BSP pushes cross-border cyberwatch in Asean

Lawrence Agcaoili - The Philippine Star

MANILA, Philippines - The Bangko Sentral ng Pilipinas (BSP) is pushing for an intensified cross-border surveillance among members of the Association of Southeast Asian Nations (ASEAN) amid rising cybersecurity concerns.

BSP Governor Amando Tetangco Jr. issued the call amid the ongoing regional integration with the transformation of 10 ASEAN jurisdictions into a single market through the ASEAN Economic Community.

He pointed out that qualified accredited banks (QABs) under the ASEAN Banking Integration Framework (ABIF) would effectively extend the reach of one jurisdiction by having “outposts” outside its national borders.

He said ABIF should also provide a financial highway that would harness the potential of ASEAN by developing the capacity to clear and settle intra-ASEAN trade and investments without depending on traditional correspondent banks.

All these, he explained, should hasten regional commerce and provide the means to parlay the growth of ASEAN, its young and dynamic retail market with high disposable income and unparalleled saving potential.

 “But we should also be cognizant of possible downside risks. In this regard, the logical mitigating factor is effective cross-border surveillance and the ability to take collective but pre-emptive actions,” he added. 

However, the BSP chief explained member states are at different stages of financial market development.

“Furthermore, the 10 jurisdictions may very well respond differently to the same risk due to idiosyncratic factors in their local markets. Effectively then, information becomes the commodity and how we handle it becomes the value proposition of the product,” he said.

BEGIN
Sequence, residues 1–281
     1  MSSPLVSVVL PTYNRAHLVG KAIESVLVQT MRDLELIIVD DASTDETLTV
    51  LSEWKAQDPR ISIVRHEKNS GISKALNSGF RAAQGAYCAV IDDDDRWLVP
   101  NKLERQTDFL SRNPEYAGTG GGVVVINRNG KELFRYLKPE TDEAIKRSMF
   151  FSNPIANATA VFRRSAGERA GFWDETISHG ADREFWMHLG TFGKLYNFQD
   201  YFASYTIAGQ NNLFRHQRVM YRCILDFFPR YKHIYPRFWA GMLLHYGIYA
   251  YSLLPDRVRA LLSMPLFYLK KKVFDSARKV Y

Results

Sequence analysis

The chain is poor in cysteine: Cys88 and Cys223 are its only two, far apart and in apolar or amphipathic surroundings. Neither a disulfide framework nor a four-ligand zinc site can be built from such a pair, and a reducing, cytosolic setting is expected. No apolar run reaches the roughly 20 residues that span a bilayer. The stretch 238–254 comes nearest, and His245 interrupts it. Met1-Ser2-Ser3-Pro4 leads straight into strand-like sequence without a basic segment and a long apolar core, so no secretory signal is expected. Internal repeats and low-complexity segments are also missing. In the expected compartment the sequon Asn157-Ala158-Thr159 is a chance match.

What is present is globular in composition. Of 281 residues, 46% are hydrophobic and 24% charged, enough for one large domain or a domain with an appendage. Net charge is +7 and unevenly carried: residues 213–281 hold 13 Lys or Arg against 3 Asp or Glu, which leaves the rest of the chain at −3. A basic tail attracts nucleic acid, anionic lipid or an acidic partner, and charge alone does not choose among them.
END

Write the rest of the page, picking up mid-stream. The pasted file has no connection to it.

In this day and age of financial technology, Tetangco said ASEAN is taking advantage of the expediencies that ‘fintech’ offers but the region should still have to be wary of the cyber-security issues.

He explained these issues include the increasing trend of phishing and identity theft cases.

“Cross-border commerce is literally consummated in a few keyboard strokes, which highlights how the human intervention part of fintech can possibly compromise prudential standards and create trouble,” Tetangco said. 

According to the BSP chief, it is crucial to keep individual financial institutions and the overall financial system safe and sound.

“In addition, it would be beneficial if you turn your economic research towards deepening our understanding of the human behavior side of markets. This should help us be more adept at finding the convergence points among policy intent, market expectations and the eventual outcomes of market behavior,” he said. 

In late February, hackers tried to steal $1 billion from the account of Bangladesh Bank at the Federal Reserve Bank of New York. About 30 of the 35 transactions were foiled but five transactions worth $81 million entered the Philippines as the hackers used Rizal Commercial Banking Corp. (RCBC) as a conduit.

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